Posted August 20, 2010

I had to pull my children out of Curry , I have always thought my children that the color of your skin should not matter we are all children of God and this is the only thing that should matter, but unfortunately not at Curry. The principal is a great person, but too easy going and does not enforce authority enough and I will say some of the teachers are really great. Something needs to be done about this, we need to be teaching our children how to get along with one another and let racism be a thing of the pass.
—Submitted by a parent


Posted January 14, 2009

Both of my daughters go to curry. We moved here from North Carolina and I can tell you that the Teachers and the school staff put NC schools to shame. The Curry Staff is great and I wouldn't think of letting them go anywhere else. Keep up the great work Maurice Savard
—Submitted by a parent


Posted April 9, 2008

I wrote a detailed review before, but it was rejected. This time I will keep it simple. While Curry is not a BAD school, it has several flaws. As with any school probably, if your kid isn't a teachers kid or friend of one, they will get less attention than the rest of the class. Several of the teachers, not all, do not teach enough. The curriculum is geared more towards the kids who have problems in class while the kids who learn easily are not challenged at all. The principal is a great person, but too easy going and does not enforce authority enough. Yes their scores are excellent on the school's report card, but thats because the education level is very easy! I'd like to see more dicipline for trouble children and a more advanced curriculum!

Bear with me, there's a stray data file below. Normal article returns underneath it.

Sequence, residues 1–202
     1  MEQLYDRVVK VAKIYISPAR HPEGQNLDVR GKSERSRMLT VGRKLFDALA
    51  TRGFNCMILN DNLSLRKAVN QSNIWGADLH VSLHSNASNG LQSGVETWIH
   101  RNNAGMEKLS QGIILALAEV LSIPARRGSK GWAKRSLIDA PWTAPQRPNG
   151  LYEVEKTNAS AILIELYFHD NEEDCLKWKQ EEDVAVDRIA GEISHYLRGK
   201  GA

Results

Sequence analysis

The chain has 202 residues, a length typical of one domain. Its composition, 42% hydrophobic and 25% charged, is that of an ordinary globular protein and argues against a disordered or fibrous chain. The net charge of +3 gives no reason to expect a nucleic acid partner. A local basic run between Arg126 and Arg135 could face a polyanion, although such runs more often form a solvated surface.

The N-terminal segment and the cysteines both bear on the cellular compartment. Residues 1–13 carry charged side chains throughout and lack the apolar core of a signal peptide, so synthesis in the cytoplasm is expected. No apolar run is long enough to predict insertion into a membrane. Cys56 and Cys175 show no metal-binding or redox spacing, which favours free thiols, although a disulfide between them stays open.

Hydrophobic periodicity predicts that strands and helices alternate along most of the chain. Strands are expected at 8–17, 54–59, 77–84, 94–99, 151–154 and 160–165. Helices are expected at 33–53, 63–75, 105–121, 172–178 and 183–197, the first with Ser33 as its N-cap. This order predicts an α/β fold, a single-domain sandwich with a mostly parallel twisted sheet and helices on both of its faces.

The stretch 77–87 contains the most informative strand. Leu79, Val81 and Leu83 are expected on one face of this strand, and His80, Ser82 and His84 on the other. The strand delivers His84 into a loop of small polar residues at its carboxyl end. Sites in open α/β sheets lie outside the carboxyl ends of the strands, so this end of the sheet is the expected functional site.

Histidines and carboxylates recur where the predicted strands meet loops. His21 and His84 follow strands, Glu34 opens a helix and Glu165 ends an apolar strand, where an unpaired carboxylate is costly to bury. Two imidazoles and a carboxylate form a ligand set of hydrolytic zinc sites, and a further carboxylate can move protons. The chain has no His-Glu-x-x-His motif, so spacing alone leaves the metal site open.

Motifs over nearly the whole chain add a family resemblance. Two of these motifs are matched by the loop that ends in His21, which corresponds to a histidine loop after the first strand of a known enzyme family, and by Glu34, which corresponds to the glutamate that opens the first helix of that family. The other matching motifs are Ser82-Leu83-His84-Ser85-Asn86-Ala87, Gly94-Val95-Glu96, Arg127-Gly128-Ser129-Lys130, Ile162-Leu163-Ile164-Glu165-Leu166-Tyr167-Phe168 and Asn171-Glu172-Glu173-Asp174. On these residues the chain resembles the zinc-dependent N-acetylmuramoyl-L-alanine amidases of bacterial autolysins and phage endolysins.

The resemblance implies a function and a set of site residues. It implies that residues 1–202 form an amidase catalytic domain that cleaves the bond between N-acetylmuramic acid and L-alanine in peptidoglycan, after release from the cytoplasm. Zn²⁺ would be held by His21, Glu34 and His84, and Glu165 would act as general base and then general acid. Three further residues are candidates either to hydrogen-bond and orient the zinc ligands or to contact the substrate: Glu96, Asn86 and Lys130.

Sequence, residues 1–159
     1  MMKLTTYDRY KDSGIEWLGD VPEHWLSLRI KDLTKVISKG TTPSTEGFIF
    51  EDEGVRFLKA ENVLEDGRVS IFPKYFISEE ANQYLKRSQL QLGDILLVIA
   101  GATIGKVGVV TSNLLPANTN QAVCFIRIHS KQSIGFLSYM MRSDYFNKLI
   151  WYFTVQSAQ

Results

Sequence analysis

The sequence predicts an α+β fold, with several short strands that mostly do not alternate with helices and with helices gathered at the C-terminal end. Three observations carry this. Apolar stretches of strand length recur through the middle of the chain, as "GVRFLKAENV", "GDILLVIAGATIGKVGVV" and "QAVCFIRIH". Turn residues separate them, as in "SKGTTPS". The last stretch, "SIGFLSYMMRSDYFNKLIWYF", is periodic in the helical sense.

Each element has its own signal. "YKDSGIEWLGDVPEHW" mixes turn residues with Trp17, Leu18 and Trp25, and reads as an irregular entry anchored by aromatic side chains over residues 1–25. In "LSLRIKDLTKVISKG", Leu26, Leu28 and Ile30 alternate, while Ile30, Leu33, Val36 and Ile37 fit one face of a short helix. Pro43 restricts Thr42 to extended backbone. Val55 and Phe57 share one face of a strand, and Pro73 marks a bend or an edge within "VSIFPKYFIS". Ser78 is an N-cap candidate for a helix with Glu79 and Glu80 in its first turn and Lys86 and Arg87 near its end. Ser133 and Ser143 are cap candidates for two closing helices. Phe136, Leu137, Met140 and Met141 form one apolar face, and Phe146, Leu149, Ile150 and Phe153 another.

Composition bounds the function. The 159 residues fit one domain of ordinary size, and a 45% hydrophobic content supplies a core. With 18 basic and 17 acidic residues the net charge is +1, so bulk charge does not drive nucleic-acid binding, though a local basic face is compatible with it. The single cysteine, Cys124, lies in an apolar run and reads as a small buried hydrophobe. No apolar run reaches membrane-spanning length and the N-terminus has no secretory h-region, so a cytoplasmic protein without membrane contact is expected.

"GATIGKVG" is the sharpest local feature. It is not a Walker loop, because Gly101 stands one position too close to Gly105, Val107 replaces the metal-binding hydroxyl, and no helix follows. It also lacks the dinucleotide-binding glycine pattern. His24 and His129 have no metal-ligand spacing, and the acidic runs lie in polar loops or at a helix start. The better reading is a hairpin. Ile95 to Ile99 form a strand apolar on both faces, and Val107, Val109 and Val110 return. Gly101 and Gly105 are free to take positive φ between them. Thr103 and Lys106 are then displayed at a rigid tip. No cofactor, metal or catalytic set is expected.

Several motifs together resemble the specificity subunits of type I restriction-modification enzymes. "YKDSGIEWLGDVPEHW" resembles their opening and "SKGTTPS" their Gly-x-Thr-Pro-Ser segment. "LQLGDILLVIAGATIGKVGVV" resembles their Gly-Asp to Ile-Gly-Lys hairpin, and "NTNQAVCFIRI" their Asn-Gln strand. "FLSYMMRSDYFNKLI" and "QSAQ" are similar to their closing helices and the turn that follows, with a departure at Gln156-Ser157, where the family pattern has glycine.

—Submitted by a parent


Posted November 19, 2005